There are many advantages to working as a remote team, not the least of which being that employees enjoy more flexibility in terms of hours and location. Working virtually provides easier access for people who are juggling family responsibilities as well as those with disabilities, and it provides employers with reduced overhead costs. With the various technology options and video conferencing, i.e., Zoom, Microsoft Teams, FaceTime, Slack, and GoToMeeting, staying in touch does not have to be a problem.
At the same time there may be equity issues related to allowing employees to work in a remote manner. How does an employer or supervisor decide who may continue working remotely and who should travel to the office for in-person work? Employers need to put their employee’s health and safety first and monitor evolving federal and state health guidelines, and some functions require a physical presence in a work location whereas some do not.
For those positions that can be worked remotely many employers have decided to change course from their original decision to allow for employees to work in a fully remote model. They are finding that the team dynamic is different and decisions are made independently when employees are not in person. The level of trust obtained by in-person, face-to-face communication cannot be replicated in the online world, so for certain positions employers are asking employees to be onsite, at least some of the time. What we are seeing is that the vast majority of employers in the BioPharma and Med Tech industry have landed in a “hybrid-remote” work model where people are being asked to be onsite a few days each week and work from home the rest of the time.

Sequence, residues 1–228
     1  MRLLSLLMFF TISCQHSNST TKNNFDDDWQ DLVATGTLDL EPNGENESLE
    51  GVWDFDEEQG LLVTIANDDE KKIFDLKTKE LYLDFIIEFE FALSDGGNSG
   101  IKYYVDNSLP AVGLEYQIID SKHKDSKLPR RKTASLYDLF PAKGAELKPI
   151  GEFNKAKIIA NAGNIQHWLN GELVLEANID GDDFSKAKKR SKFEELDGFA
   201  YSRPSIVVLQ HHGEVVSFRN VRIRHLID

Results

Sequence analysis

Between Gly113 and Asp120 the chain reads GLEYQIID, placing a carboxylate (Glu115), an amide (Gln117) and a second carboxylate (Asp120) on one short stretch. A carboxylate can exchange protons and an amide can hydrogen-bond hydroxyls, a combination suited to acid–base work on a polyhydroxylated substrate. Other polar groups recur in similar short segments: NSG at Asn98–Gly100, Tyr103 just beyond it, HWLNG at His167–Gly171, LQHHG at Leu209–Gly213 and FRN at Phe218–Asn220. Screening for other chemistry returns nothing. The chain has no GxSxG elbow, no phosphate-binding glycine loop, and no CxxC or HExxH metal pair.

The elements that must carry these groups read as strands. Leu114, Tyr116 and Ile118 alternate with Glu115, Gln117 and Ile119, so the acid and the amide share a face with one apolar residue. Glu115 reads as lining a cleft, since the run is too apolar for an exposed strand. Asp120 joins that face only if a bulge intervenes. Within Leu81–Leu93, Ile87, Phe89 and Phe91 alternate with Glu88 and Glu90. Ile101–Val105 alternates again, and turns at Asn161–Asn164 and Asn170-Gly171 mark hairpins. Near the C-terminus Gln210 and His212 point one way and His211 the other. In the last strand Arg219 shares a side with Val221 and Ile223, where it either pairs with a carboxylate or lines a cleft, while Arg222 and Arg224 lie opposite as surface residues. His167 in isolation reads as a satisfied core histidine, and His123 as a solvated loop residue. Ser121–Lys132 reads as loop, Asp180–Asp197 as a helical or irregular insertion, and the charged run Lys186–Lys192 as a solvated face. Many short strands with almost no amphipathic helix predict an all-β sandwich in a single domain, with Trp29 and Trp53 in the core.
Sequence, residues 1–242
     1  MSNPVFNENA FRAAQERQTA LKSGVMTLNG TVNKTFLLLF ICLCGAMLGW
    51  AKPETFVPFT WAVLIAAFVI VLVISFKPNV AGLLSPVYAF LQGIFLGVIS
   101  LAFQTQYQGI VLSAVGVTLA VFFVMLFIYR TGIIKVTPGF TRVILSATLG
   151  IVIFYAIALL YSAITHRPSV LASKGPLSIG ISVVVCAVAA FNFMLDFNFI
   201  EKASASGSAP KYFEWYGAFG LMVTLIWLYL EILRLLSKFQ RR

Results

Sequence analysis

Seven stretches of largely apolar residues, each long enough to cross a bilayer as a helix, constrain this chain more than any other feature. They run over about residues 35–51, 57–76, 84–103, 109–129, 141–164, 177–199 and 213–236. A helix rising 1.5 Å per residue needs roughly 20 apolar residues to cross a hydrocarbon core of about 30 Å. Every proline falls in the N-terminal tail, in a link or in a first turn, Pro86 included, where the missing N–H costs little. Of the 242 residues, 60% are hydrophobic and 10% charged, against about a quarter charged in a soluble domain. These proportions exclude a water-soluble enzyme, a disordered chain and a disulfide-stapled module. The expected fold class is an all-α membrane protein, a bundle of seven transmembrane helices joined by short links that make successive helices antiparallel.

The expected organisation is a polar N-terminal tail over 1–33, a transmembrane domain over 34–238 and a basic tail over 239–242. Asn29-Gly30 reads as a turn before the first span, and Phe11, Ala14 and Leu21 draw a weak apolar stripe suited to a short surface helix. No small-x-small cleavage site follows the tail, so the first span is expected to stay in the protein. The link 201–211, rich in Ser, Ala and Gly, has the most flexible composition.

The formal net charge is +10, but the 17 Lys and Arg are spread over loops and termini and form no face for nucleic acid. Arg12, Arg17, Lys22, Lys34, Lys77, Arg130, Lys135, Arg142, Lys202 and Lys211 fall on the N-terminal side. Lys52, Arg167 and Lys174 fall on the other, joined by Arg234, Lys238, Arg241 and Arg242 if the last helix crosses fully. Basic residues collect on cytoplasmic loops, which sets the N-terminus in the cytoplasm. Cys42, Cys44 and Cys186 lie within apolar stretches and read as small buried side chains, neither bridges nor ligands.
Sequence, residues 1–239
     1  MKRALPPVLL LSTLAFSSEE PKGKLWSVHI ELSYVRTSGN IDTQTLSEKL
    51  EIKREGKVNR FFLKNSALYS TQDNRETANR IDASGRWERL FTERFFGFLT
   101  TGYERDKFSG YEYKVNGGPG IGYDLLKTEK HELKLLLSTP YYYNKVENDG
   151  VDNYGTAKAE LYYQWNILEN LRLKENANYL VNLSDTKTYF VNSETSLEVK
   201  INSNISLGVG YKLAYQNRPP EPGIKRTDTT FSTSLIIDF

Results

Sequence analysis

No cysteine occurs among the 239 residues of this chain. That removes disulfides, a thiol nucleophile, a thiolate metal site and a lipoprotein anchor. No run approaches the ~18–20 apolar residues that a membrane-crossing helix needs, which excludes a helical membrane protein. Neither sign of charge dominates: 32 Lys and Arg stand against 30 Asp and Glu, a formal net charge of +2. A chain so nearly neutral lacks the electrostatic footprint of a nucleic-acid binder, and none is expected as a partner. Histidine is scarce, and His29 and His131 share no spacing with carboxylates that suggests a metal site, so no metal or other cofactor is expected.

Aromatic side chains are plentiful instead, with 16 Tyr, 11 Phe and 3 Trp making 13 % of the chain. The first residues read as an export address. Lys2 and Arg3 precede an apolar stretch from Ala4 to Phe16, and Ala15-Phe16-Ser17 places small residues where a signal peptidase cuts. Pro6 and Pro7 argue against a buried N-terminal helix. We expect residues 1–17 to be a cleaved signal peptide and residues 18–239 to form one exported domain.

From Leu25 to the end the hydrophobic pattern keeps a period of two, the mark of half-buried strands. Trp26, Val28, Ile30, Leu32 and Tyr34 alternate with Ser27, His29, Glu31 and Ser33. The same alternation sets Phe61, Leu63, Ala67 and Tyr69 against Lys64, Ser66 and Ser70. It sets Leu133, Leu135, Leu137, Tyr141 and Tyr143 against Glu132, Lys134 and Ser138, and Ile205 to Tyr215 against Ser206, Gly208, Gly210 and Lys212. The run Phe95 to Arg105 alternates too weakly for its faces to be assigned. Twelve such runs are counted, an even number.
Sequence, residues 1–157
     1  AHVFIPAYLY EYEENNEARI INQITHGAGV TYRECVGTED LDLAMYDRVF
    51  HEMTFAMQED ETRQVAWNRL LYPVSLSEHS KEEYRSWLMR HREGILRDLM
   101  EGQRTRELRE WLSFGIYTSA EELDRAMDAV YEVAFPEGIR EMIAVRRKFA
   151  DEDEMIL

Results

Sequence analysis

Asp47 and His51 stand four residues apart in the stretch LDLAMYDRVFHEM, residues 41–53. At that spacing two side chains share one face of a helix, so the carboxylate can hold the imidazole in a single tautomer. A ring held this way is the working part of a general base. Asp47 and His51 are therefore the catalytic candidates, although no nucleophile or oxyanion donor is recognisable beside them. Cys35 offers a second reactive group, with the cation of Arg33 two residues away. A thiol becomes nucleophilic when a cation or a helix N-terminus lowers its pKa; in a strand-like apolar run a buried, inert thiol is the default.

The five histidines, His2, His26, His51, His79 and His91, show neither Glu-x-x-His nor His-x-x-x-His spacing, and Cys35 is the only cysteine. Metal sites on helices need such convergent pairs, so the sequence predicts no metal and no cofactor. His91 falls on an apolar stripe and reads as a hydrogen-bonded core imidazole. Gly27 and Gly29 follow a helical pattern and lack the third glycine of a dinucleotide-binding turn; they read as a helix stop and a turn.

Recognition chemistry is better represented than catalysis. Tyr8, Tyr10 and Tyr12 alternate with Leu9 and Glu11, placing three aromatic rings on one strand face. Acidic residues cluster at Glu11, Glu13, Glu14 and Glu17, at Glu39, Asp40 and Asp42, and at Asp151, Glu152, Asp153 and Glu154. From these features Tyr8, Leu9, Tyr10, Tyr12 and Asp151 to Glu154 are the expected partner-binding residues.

This compromise is not based on the health of the workforce as much as on convenience, commuting issues, recruiting and employee retention. The pandemic affected every individual differently. Offering ways to meet employees at their comfort level by providing the continued ability to work from home provides meaningful support.
As you work towards a permanent hybrid-remote team, here are four questions to consider:
1. Do all employees working remotely have access to an adequate workspace? Technology, privacy, etc.
2. Do some of your employees find remote work to be isolating? Working virtually drastically cuts down on the regular socialization and informal decision-making that comes with in-office work.
3. Do your employees feel safe sharing home life with others during virtual meetings? Some employees may not be comfortable being on camera during a virtual meeting.
4. During virtual meetings, are you hearing each employee’s point of view? Ask each meeting attendee to contribute to the conversation.
Keep a delicate balance between what your employees need and what they require. Define specific goals for your virtual workers and check in with them during the day. Recognizing work well done can provide another factor in creating a strong culture with your remote team, and it is probably time to get back to live team-building events. Make a point of celebrating individual and companywide success, big and small, from teams as well as an individual’s success. Effective communication is the key to maintaining work relationships and delivering successful work, and a constant and insightful flow of communication is an absolute must in working with your remote team.
Telecommuting has advantages and disadvantages; the employer’s role is to make every employee’s job easy to perform so they can be as productive as possible, and the business can then be as successful as possible.
The Alpine Group